Country music’s ‘good old days?’ Stagecoach stars revel in the ’90s
One key change evident at the 2019 edition of the Stagecoach country music festival in Indio is the continuum ripple effect of last year’s disappearance of the Mustang Stage, which since the beginning had been the focal point both for the genre’s esteemed veterans as well as many left-field acts that organizers have always roped in.
Part of that is grim reality: Many of the country forebears who played Stagecoach in years past are no longer with us: Earl Scruggs, Ralph Stanley, Little Jimmy Dickens and Lynn Anderson, to cite a few.
That’s played out as a fast-forwarding of what defines “oldies but goodies” for succeeding generations of both country musicians and fans. That truth was on display multiple times at Friday’s opening of the three-day event, which expects to draw upwards of 80,000 fans each day to the Empire Polo Field in Indio.
Increasingly, the good-old days referenced at Stagecoach are not songs and artists from the ’40s, ’50s and ’60s, but from the ’70s, ’80s and ’90s, as Jason Aldean, Sunday’s headliner, once celebrated in his rear-view-mirror-focused hit “1994,” which name checks ’90s country star Joe Diffie in its sing-along chorus.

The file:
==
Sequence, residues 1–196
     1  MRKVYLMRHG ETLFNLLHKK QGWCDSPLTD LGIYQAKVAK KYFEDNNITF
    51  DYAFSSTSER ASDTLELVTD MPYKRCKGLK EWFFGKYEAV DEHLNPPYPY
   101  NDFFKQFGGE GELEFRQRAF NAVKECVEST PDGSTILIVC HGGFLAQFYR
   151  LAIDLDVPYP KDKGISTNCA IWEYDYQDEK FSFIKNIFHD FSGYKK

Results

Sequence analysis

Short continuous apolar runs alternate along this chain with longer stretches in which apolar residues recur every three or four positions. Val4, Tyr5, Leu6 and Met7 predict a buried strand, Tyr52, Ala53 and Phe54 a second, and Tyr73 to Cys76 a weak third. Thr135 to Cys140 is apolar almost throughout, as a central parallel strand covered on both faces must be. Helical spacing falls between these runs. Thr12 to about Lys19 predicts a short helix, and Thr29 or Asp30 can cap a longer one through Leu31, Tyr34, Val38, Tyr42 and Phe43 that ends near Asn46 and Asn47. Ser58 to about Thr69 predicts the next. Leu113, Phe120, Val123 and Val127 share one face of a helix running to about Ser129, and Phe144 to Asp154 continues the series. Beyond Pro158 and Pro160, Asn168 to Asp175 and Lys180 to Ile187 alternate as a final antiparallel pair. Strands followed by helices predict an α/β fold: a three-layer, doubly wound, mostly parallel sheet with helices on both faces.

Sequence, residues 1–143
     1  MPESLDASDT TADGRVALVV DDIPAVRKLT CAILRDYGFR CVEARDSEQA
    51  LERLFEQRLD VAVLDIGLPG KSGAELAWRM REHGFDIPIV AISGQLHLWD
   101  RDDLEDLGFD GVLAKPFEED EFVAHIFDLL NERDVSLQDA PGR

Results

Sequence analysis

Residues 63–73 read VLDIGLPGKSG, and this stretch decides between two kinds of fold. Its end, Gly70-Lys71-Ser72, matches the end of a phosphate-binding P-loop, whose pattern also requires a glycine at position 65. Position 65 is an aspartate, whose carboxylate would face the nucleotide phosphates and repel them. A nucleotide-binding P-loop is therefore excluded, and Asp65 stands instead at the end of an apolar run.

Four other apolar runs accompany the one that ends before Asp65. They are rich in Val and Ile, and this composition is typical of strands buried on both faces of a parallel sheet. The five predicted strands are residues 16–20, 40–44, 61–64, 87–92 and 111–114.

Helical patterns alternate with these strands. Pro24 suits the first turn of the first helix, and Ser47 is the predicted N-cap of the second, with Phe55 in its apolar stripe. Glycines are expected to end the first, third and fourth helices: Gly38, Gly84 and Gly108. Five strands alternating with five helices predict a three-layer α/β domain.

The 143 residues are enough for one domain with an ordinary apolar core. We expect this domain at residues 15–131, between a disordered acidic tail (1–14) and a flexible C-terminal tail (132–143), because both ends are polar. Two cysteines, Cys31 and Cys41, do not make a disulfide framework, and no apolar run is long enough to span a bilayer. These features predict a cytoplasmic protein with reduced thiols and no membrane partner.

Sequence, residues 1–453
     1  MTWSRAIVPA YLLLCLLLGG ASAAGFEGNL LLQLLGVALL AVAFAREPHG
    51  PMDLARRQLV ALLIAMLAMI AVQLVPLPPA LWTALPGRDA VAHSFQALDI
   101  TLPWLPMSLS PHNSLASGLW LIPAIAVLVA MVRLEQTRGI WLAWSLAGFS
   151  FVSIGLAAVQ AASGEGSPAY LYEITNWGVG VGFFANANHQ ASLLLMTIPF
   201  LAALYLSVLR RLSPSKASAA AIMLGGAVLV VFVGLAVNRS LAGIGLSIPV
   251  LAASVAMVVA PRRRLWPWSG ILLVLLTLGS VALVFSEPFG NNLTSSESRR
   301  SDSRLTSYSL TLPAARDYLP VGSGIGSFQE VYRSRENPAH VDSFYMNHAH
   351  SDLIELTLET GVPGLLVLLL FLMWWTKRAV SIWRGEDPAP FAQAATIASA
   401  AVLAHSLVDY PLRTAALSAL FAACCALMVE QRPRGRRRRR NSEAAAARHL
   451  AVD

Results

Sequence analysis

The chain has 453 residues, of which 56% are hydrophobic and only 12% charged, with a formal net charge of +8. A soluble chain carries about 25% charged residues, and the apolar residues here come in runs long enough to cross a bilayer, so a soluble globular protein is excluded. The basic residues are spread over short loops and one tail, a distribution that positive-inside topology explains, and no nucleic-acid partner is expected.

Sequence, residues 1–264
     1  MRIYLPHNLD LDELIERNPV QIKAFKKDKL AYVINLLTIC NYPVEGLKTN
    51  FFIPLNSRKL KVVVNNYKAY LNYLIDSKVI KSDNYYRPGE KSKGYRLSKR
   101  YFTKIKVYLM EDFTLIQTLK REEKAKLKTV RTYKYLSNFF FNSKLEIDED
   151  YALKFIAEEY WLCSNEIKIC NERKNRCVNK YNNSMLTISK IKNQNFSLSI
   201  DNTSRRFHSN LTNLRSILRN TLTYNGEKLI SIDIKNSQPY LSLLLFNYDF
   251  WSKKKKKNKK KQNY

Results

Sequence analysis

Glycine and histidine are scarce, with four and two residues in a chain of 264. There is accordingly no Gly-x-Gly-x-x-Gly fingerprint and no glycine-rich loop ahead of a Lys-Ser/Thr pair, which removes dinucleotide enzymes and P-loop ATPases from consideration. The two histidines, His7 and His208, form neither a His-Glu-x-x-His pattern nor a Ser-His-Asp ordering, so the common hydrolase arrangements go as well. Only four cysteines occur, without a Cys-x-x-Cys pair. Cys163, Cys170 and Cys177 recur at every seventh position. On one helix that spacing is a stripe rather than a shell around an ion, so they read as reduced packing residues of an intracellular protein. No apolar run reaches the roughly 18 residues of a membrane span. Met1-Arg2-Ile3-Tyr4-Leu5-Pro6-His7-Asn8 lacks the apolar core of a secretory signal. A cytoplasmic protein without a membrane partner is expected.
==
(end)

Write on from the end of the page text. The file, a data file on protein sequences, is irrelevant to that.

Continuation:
In fact, Oklahoma-bred singer Diffie, at 60, is one of the grand old figures at Stagecoach 2019. During his debut Stagecoach appearance Friday in the Palomino tent, he cherry-picked through the hits he racked up in the ’90s and early 2000s.
Across the fest grounds on the Mane Stage, 25-year-old Scotty McCreery gave a nod to George Strait with his rendition of Strait’s “Check Yes or No,” a hit in 1995 when McCreery was 2.
Rising rap-country star Kane Brown looked a bit further back with a version of Ben E. King’s 1961 hit “Stand By Me” that demonstrates Brown’s roots in vintage R&B. Shortly thereafter, former Poison frontman Bret Michaels’ tipped his signature headband to Loggins & Messina with their 1972 lightweight rock hit “Your Mama Don’t Dance.”
Then he took a left turn saluting Southern California ska-punk band Sublime, offering up “What I Got,” the 1996 song that became the group’s biggest hit in the months after lead singer Bradley Nowell died of a heroin overdose.
Back on the Mane Stage, the evening’s pre-headliner, Cole Swindell, used a snippet of Travis Tritt’s 1991 honky-tonk classic “Here’s a Quarter (Call Someone Who Cares)” as a segue into his own 2014 alcohol-soaked kiss-off “You Ain’t Worth the Whiskey.”
Headliner Luke Bryan, now moving into the position of contemporary country elder statesman amid so many freshmen and sophomore acts on this year’s Stagecoach lineup, chose Alabama’s “Mountain Music” from 1982 for one of the de rigueur look-back moments of his party-on closing set.
He followed that with Florida Georgia Line’s smash “This is How We Roll” just before serving up his own “Roller Coaster,” a couple of 2014 hits that, if tradition holds, might just be trotted out as country classics around Stagecoach 2039.
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